What Local Food Has Done For Me

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The other day I realized I never posted a conclusion to my Eat Local Challenge I had in March. Although at the time I chalked it up to laziness busyness, the real reason smacked me right in the face as I was wandering around the farmer’s market on Saturday.

My challenge is still ongoing.

At the end of the month I didn’t really stop eating local and go back to eating beef chubs and apples imported from Argentina. Granted, my diet is still a work in progress as I attempt to overcome my addiction to refined sugars and carbs, but I’ve made leaps in my progress, and I have local food to thank. Not just for my diet itself, but for improving my life in multiple ways.

CSA delivery #5

1) I’ve come to love things I assumed I would hate

In 2003 I had eggplant for the first time, served up in the traditional, “We’re vegetarians but we have meat-eating guests (that would be me) coming over” method of eggplant Parmesan. Let’s just say it did nothing to turn my favor toward eggplant. Which is why I was apprehensive about the eggplant we began receiving in our CSA box last year. With a CSA you are practically forced to cook what they give you. Turns out? I love eggplant!

Raw whole milk. It still freaks people out to hear those words. Except those of us in the know. I was a freaked person before I went to the Stryk Dairy and tasted their amazing milk. Now we only have raw milk at home.

OK, I never technically hated tomatoes, but I wasn’t a big fan. Maybe it was due to growing them in my own yard or just figuring out how to cook with them, but tomatoes are up there with eggplant. Once I learned how to cook a simple sauce with tomatoes, onions, and cream? Sold forever.

2) I feel healthier.

People who are trained on the Standard American Diet would be shocked that I feel healthier on a diet filled with whole milk, sausages, bacon, and eggs. I’ve actually always been rather healthy overall – chalk up good genes to not having problems with blood pressure or cholesterol despite a lifetime of junk food – but now that I’m eating less processed food it feels like a full body health. Even when I get sick I bounce back quickly.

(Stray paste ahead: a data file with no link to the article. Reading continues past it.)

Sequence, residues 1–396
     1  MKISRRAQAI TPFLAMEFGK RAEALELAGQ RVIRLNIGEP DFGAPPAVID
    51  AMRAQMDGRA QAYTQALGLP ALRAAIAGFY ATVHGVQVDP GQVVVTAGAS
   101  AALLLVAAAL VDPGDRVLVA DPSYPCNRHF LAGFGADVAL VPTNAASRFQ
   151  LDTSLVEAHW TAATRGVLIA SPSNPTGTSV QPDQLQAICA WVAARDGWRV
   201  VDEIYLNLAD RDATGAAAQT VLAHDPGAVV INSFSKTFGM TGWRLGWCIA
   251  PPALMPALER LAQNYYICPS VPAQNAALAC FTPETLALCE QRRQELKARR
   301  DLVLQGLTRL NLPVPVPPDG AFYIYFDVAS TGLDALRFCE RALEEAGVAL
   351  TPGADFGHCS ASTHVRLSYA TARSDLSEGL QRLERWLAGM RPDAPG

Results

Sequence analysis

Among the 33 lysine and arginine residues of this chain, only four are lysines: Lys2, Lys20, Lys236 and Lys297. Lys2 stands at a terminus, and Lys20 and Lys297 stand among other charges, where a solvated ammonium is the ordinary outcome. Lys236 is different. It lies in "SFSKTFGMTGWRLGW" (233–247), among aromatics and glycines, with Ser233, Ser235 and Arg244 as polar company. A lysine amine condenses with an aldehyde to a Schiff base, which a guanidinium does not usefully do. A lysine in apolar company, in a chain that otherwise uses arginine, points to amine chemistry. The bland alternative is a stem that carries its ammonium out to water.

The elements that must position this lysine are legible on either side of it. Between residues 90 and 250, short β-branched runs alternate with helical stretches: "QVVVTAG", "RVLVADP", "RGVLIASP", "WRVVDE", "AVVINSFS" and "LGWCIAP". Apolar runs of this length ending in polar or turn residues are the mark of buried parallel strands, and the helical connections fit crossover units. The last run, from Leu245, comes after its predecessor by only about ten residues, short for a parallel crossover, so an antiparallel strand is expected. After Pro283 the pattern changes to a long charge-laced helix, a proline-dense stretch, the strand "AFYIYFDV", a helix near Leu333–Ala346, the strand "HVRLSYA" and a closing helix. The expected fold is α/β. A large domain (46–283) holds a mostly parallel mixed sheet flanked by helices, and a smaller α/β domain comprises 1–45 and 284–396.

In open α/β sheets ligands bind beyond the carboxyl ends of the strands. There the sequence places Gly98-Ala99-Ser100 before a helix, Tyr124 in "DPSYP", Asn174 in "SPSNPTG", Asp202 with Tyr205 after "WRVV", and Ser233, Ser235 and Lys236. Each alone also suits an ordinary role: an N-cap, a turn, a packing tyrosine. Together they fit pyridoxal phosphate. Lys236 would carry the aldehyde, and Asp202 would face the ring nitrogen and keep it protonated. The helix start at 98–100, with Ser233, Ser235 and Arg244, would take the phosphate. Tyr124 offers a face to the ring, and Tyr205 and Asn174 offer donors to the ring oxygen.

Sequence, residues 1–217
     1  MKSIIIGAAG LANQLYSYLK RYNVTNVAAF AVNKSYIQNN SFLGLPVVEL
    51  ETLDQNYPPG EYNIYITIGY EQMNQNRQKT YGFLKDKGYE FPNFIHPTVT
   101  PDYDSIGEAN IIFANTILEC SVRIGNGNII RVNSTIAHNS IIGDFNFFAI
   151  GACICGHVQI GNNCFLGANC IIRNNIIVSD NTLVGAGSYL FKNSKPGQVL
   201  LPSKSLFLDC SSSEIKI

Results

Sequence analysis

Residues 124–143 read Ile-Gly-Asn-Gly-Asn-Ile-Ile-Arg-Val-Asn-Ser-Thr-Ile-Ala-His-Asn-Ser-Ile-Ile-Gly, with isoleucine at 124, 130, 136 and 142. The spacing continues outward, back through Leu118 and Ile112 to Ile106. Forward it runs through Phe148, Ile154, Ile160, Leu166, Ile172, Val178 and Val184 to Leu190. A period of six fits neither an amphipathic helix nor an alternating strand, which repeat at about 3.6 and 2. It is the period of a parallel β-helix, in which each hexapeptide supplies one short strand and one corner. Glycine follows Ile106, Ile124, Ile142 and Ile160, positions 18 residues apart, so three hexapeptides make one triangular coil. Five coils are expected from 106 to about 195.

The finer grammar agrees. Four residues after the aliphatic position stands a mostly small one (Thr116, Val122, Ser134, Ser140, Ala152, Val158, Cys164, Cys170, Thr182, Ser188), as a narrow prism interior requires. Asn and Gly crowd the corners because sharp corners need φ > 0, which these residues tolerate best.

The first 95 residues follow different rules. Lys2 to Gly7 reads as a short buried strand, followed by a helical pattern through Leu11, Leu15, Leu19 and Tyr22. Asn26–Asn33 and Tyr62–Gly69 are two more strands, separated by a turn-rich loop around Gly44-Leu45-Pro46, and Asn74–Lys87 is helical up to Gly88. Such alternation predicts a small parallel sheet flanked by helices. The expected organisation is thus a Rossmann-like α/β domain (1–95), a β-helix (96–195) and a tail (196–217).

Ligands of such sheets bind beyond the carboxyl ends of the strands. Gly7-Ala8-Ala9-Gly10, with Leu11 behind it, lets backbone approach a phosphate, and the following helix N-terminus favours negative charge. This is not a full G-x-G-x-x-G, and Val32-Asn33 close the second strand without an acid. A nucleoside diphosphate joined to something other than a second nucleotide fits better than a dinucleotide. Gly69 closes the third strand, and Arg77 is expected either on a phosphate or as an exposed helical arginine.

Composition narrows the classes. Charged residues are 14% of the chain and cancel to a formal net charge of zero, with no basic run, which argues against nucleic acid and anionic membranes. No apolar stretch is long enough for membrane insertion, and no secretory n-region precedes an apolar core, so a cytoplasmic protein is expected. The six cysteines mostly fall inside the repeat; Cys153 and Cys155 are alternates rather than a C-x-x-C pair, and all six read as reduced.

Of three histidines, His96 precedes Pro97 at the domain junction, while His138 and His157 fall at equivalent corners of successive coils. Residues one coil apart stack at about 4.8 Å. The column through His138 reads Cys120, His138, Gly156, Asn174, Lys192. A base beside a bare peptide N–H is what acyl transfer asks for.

3) My pantry is stocked.

Granted, this is partly due to my obsession with jam, but I think I wouldn’t have cultivated that obsession if I didn’t have such a bounty surrounding me. I don’t think I’ll ever have to buy jam or tomato sauce again.

4) I have a sense of connection

I might not know everyone I see at the farmers’ markets, but I feel connected to them. I recognize the farmer’s I buy my food from. I’ve been to a few of the farms. I know exactly where and to whom my money is going.

I’ve also met an incredible group of people whom I now consider my friends on account of local food. If you’ve never been to Austin, the food community here is incredibly warm, supportive, and fun. People don’t necessarily think of Austin as a food mecca, but I believe it is. If I ever leave, I’ll only try to replicate what we have here.

5) I see all my food through new eyes.

I can taste the difference between a local strawberry fresh picked, and a berry flown in from California. I know the beauty of a farm egg. When my friends left some big-name bacon at our house the other day, I was stunned by how different it tasted compared to the local bacon we buy. At this point I shouldn’t be, but perhaps the reason I’m stunned is because I know how truly good food can be, and what we get in the grocery stores is a pale shadow of that.

Farm eggs

It’s not like I’m perfect in my food habits. I’m still a work in progress, like everyone else on this planet. Maybe what I’m saying is propaganda. Maybe I’ve been reading too much Michael Pollan. But I know my experience.

Do you eat local food? Why or why not? Do you think I’m crazy?

11 Comments

  1. Nice to read that the challenge challenged you. Your attitude in your blog gave me the impression you’ve always been spot on with your consumption habits. Good to know refined foods can be purged from a way of life, slowly but surely.

    Sounds like I’m on my high horse I guess. But what I’m trying to say is that your writing and posts have had me trying recipes and enjoying new things. Your blog is now a go to resource for me. The canning posts alone are worth it!

    I eat local all the time. One thing I still can’t eat though are the local apricots. I know, silly huh? The valley here used to be the heart of California Apricot country, and you could throw a rock and hit an apricot tree. I worked a summer in the fields and now that experience has put me off apricots – fresh ones – I still love the jam! My husband loves them and is planting the pits from every local apricot this year in anticipation of having a few CA Apricots on our ranch in AZ. Hope!